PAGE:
To anyone who reads this blog (or most fashion blogs, come to think of it) it probably looks like we live in a world of eternal sunshine. And if you've happened to read my blog lately, a world of endless picnics as well. Well there is a good reason for that. Night time shoots are really, really hard. Not only do you have to deal with blurry focus and dark shadows obscuring your face, or super shiny skin and hair if you decide to use the flash, people also seem to get mad if you sit on the road when they're trying to drive on it. Which was just *rude*, really, because car lights made our photos look awesome - my favourite photo is the top one exactly for this reason!
Annika's top - c/o Oasap
Annika's skirt - c/o Sheinside
Annika's bag - c/o Jump from Paper
Annika's tights - Ebay
Annika's shoes - c/o Sammydress
cat mask - Venice
Ashley's shirt - Sportsgirl
Ashley's shoes - Chicory (Japanese brand)
*note about Ashley's skirt - it is ludicrously small and we don't recommend buying it unless you don't plan on walking anywhere, moving your legs or breathing.
Oh, and the cat mask we used as a prop in some of the photos also had the effect of attracting this little guy. What a cutie! Here's a photo of me being a mad cat lady.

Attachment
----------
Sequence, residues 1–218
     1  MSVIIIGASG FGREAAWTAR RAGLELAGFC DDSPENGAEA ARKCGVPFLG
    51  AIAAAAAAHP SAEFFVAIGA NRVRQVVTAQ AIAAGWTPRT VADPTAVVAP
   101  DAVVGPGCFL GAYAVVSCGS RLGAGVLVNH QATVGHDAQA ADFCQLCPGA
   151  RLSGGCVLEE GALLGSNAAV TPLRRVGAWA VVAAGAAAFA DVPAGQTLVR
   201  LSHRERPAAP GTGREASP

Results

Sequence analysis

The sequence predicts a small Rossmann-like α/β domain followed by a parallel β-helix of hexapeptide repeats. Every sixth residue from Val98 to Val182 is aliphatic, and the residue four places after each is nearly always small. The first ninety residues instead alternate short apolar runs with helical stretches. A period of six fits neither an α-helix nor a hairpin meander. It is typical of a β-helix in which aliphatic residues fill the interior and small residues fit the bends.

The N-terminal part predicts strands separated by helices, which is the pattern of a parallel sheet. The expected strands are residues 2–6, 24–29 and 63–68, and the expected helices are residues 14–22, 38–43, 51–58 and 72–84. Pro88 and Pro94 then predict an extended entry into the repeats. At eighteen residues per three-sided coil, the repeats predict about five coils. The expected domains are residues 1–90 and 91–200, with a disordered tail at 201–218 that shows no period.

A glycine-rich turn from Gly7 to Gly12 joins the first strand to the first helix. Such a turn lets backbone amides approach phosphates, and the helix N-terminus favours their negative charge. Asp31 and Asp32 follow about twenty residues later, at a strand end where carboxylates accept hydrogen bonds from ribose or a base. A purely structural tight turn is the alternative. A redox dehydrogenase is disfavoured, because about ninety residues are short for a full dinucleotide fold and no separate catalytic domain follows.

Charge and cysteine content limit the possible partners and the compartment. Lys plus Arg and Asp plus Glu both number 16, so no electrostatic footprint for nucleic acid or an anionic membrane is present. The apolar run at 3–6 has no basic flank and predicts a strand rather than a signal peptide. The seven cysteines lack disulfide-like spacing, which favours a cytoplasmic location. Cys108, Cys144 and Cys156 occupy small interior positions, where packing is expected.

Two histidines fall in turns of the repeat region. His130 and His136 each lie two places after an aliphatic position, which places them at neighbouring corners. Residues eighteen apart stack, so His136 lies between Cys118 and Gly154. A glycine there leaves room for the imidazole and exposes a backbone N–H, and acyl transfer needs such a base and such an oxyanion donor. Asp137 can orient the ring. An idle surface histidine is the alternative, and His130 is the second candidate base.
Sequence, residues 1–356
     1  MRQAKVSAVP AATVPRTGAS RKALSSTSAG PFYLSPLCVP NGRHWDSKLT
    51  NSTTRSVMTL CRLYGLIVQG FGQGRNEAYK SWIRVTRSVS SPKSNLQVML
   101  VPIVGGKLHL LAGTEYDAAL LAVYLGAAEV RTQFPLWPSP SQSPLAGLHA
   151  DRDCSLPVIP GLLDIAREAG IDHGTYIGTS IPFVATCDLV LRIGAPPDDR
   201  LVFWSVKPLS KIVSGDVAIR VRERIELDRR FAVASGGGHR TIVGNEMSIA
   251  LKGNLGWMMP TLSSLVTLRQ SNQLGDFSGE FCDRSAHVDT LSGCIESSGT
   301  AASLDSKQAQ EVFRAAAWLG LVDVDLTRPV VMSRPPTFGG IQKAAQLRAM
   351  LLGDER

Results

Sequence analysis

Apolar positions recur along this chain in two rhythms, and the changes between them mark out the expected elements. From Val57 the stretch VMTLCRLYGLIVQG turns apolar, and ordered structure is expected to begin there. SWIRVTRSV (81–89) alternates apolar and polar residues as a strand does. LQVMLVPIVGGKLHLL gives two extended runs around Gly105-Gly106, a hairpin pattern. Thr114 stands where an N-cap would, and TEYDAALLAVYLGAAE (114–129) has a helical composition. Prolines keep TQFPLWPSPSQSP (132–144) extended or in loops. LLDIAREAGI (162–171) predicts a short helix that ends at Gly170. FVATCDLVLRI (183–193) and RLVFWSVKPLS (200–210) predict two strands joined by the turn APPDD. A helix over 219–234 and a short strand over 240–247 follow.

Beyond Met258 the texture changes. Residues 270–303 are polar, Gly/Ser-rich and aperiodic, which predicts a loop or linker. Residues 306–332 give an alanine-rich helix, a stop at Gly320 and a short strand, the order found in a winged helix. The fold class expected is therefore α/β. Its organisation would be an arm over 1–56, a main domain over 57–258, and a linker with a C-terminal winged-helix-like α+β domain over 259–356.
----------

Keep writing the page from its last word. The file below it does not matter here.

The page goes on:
I don't think I've shared this on my blog before, but it's one of the things that really got me interested in science. The Rubber Hand illusion is an important "proof of concept" of the idea of neuroplasticity - or that the different bits of your brain are not stuck in stone. You've probably come across the term "hardwired" before - that's what this means. In the early 20th Century, neuroscientists were very keen on the idea of Brain Localisation - i.e. you had a section of your brain that controls your hand, a part that "sees", a part that controls your legs, a part that controls your facial muscles - and so on - and that these couldn't ever really change (or, they were "hardwired").
The Rubber Hand illusion shows that the idea of localisation cannot be right. Very, very quickly, the brain is able to adopt the idea that a foreign object, like a fake hand, is actually part of the body.
If you found that interesting, one of my favourite neuroscientists (with one of the coolest-ever accents) Ramachandran has pioneered this field and talks about Phantom Limbs among other things in this TED talk - I highly recommend you watch it.
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